1648 – Juana Inés de la Cruz, scholar, poet, writer, composer, mathematician, playwright, philosopher, feminist, and nun in New Spain (now Mexico).
1817 – Bahá’u’lláh (born Mírzá Ḥusayn-`Alí Nuri), Persian mystic and prolific writer who was founder of the Bahá’í Faith.
1930 – Ivo Urbančič, influential Slovenian philosopher and writer, considered to be one of the fathers of the phenomenological school in Slovenia.
1934 – John McGahern, Irish author of novels and short stories, arguably the most important Irish writer since Samuel Beckett.
1942 – Janette Turner Hospital, Australian-born novelist and short-story writer.
1945 – Michael Bishop, American author of science fiction and fantasy.
1945 – Tracy Kidder, Pulitzer Prize-winning American author of creative nonfiction, best known for his book, The Soul of a New Machine.
1954 – Christopher Pike (pen name for Kevin Christopher McFadden), American author of bestselling novels for children, young adults, and adults.
1955 – Katherine Weber, American novelist, nonfiction author, memoirist, and Yale professor.
1962 – Neal Shusterman, American author of popular young-adult literature.
1962 – Naomi Wolf, author, social critic, and political activist.
1815 – Elizabeth Cady Stanton, writer and activist for women’s rights and the abolition of slavery; she was the primary author of the first three volumes of the History of Woman Suffrage and The Woman’s Bible, a critical examination of the Bible based on the premise that its attitude toward women reflects prejudice from a less civilized age.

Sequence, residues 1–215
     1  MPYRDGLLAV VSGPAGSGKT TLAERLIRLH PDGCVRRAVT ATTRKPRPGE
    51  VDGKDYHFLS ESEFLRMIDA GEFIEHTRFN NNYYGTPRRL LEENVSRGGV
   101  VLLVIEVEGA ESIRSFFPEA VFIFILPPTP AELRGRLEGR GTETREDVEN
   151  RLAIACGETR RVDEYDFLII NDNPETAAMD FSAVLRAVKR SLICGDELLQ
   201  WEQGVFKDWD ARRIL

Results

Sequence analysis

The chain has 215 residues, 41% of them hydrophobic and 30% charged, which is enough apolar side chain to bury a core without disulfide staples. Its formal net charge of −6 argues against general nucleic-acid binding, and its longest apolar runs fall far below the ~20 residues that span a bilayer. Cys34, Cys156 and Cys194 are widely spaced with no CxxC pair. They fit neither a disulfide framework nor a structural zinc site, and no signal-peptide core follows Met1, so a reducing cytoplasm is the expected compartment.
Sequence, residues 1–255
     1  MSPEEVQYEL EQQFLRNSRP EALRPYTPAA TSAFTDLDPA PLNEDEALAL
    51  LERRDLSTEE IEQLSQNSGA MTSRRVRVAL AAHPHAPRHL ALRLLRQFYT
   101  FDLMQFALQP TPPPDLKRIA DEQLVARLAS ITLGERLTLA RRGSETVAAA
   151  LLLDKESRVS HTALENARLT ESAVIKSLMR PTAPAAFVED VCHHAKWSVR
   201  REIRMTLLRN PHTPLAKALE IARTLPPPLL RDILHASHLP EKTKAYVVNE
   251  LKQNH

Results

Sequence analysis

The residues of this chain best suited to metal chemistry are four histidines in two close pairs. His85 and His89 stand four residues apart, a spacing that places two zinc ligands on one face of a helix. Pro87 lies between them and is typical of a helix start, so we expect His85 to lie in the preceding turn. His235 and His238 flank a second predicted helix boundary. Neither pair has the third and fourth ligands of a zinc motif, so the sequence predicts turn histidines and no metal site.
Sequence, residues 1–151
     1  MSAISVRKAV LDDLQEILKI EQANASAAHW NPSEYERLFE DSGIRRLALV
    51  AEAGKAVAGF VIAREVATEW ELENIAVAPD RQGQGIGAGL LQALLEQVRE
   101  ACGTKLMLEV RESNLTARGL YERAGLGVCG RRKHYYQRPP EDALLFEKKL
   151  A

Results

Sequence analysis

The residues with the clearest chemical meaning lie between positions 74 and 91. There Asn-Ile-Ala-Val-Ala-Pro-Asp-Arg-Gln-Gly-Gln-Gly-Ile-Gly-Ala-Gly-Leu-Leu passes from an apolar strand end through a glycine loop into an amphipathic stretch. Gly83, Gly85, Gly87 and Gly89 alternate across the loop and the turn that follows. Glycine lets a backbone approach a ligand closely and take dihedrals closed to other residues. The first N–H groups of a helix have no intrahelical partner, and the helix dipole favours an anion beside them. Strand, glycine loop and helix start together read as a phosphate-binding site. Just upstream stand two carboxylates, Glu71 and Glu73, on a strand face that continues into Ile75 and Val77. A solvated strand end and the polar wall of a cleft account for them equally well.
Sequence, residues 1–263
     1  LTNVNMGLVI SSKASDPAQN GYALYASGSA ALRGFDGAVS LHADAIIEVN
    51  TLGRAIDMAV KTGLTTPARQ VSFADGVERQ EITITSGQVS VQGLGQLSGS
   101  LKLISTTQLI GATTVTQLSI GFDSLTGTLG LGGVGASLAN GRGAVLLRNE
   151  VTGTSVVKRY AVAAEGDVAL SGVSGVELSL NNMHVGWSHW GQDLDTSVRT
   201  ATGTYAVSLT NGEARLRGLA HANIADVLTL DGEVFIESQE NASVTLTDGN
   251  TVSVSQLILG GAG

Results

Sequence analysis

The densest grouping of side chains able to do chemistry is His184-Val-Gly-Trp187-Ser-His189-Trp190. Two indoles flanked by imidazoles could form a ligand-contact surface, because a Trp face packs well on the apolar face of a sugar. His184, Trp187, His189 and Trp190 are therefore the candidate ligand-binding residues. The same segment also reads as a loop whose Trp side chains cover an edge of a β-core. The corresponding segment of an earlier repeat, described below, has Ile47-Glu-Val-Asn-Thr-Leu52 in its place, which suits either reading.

1865 – Herbert Trench, Irish poet and theater director.
1906 – George Dillon, Pulitzer Prize-winning American poet and editor who is best remembered today for a romantic relationship with poet and playwright Edna St. Vincent Millay; Dillon was the inspiration for her epic 52-sonnet sequence Fatal Interview and they later collaborated on translations from Charles Baudelaire’s Les Fleurs du Mal in 1936.
1915 – Roland Barthes, French literary theorist, philosopher, linguist, critic, and semiotician who influenced the development structuralism, semiotics, social theory, anthropology, and post-structuralism.
1927 – David Butler, Emmy Award-winning Scottish screenwriter who was also nominated for an Oscar and a Golden Globe.
1928 – Marjorie Sharmat, American author of children’s books, including her popular Nate the Great series.
1929 – Michael Ende, German author of bestselling fantasy, children’s literature, and books for adults; he is best known for The Neverending Story. Many of his works have been adapted as motion pictures, stage plays, operas, and audio books.
1941 – Madeleine St John, Australian novelist who was the first Australian woman to be shortlisted for the Booker Prize for Fiction.
1943 – Wallace Shawn, American playwright, screenwriter, essayist, and actor.
1945 – Hanan al-Shaykh, acclaimed Lebanese author of contemporary literature; her work provides social commentary on the status of women in the Muslim world, challenging notions of sexuality, obedience, and modesty.
1963 – Damon Galgut, award-winning South African playwright and novelist who is best known for writing The Good Doctor and In a Strange Room.
1976 – Richelle Mead, author of fantasy and young-adult novels, including the “Vampire Academy” series.
1981 – Vasay Chaudhry, Pakistani screenwriter, actor, director, producer, television host, and comedian who is best known for writing sitcoms and comedy-dramas for Pakistani television.